Furthermore, public health systems, eroded by decades of neoliberal assault such as privatization, commercialization and budget cuts, are already weak in general and are susceptible to collapse when global pandemics strike. But this situation is magnified a hundredfold in the poor countries and in the rural areas, putting the most impoverished – the landless rural people – in overwhelming danger in the face of disease outbreaks.

Even before the COVID-19 pandemic, the rural communities already severely lack access to basic social services and protection, including for their primary healthcare and emergency medical needs. They often have to travel long distances, without reliable public transport, to access the nearest medical services. Available public health centers and hospitals in the rural areas, which are already negligible and deprived of adequate state support, lack the facilities and resources (including workforce) to meet the people’s needs.

Note that agricultural work is already considered one of the most hazardous occupations in the world. Landless farm workers, including migrant workers, are regularly exposed to agrochemical poisoning and unsanitary work conditions; many are transported to plantations through crowded trucks and are housed in cramped spaces. All these make them more susceptible to infections.

The neglect of public health, combined with the rural people’s overall destitution due to fundamentally wrong economic and agrarian programs, neoliberal attacks against agriculture, and massive land and resource grabbing, expose the landless and rural poor to extreme peril when pandemics flare up.

We hold big corporations accountable, including those involved in large-scale, export-oriented agribusiness and other extractive activities that wantonly plunder our agricultural and natural resources for massive profits. Their operations do not only destroy the environment and physically, economically and culturally displace whole communities. They also unleash various forms of infectious diseases from pathogens used to be kept at bay by once diverse farm and forest ecosystems, exposing societies and their productive forces to ruthless destruction.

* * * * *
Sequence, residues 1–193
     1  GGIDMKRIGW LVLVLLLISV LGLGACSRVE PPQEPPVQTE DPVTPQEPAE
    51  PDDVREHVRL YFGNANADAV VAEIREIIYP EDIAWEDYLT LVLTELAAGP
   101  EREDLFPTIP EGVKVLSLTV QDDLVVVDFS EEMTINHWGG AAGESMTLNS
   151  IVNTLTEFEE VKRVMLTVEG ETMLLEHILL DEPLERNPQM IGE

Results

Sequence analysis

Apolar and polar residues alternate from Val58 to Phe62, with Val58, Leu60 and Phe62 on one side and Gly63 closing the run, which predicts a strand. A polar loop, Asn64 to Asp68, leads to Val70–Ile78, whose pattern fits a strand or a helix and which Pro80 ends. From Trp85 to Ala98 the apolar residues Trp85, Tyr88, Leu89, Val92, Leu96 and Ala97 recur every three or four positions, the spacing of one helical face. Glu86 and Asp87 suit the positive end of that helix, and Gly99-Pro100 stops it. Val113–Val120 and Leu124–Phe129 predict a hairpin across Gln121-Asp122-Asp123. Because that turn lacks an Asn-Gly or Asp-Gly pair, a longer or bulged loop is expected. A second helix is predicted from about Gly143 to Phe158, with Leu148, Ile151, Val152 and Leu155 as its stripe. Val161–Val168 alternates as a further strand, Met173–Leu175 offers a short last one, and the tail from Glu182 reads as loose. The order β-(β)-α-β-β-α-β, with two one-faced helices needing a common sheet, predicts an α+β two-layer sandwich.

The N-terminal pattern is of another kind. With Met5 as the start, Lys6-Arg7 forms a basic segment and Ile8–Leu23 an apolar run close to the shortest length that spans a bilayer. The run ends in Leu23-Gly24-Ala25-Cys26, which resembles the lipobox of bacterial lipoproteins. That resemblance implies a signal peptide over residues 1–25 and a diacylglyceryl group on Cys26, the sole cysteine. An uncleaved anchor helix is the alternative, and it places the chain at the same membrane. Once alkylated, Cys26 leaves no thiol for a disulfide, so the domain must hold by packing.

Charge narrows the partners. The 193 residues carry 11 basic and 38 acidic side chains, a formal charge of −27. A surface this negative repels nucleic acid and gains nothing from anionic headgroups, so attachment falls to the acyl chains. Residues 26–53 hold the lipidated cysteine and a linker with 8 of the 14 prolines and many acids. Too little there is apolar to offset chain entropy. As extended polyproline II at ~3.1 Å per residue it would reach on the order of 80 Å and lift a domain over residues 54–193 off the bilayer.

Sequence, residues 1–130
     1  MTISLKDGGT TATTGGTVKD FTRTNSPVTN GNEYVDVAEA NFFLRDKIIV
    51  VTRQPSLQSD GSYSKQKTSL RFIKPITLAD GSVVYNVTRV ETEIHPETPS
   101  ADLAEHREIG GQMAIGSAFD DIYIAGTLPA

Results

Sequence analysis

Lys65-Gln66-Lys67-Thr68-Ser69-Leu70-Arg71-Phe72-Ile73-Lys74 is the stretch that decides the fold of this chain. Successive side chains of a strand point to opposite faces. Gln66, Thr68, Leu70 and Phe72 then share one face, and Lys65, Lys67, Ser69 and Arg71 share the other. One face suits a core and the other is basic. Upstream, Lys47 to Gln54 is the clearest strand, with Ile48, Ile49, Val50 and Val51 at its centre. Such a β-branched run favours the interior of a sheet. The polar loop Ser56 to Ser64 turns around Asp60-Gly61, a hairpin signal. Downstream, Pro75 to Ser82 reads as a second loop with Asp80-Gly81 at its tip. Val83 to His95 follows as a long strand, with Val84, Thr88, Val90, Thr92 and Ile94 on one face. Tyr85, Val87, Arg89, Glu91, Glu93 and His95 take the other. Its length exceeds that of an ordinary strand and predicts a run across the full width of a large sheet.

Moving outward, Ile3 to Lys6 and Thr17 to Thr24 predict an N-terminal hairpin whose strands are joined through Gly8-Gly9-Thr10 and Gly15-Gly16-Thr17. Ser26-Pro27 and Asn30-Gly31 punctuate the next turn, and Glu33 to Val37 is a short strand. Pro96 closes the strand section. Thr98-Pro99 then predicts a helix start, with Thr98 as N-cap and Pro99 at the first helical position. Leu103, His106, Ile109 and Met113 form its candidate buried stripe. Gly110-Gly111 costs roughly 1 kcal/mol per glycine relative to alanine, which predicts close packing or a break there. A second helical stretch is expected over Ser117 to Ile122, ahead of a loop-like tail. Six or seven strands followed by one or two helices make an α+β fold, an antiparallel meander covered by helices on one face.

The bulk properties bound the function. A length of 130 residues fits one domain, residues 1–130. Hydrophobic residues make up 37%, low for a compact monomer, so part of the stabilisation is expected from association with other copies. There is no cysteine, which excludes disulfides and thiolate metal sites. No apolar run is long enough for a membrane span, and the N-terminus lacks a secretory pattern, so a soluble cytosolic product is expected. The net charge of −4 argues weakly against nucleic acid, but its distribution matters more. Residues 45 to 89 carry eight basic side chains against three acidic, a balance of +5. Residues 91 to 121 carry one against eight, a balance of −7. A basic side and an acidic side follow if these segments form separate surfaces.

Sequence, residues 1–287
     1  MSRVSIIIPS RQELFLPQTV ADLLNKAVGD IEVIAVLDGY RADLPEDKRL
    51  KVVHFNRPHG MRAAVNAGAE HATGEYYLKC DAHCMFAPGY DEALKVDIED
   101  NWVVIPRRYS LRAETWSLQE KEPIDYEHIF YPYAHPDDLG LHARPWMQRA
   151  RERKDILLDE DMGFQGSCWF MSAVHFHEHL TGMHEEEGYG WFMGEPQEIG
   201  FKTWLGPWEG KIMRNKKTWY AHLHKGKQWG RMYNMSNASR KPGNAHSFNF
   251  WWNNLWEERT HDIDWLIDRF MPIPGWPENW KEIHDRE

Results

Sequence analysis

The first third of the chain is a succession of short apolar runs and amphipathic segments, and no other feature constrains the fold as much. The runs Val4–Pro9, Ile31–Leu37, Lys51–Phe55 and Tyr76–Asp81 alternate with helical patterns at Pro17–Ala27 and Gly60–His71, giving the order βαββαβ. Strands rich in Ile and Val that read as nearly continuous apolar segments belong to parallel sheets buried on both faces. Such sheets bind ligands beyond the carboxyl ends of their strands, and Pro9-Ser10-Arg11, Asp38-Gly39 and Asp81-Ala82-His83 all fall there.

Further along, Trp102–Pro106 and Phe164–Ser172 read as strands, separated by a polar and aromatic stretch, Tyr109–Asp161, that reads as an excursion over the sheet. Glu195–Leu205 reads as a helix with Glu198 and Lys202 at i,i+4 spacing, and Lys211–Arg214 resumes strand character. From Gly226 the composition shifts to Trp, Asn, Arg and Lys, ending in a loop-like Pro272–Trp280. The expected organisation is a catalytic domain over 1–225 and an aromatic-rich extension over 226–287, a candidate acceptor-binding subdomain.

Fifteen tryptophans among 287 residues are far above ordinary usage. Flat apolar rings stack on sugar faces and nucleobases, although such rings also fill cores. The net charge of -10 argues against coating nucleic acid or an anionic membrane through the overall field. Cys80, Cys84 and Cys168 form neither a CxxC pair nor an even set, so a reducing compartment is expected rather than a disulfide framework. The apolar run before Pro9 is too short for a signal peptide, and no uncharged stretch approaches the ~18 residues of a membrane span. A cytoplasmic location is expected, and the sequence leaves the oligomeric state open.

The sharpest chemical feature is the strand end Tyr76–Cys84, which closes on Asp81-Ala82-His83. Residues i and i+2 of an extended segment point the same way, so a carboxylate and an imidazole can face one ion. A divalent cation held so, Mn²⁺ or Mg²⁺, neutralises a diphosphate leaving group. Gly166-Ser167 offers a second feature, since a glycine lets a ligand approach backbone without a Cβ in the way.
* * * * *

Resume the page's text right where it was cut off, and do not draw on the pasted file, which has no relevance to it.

We salute the collective and organized actions by various peasant groups, with the support of other social sectors, in challenging the overly restrictive lockdowns by asserting their right to produce food and through creative means of bringing their harvests to the people. They are at the forefront of demands for accountability from governments and of calls for a dependable public health system that provides due attention to the poor and marginalized, as well as for immediate economic relief and for respect for human rights amid the lockdowns.

They remain determined in waging struggles against neoliberal policies in food and agriculture and in the public health system, and for genuine agrarian reform and food sovereignty, in order to provide the people the necessary policy tools to confront crises like the COVID-19 outbreak.

We support and reiterate the immediate demands of the landless and all toiling peoples amid the pandemic –

  1. Ensure that the lockdowns and quarantines are not carried out at the expense of the food security of the people, and that the right to produce and earn a living for small farmers, fishers and other direct food producers is duly respected;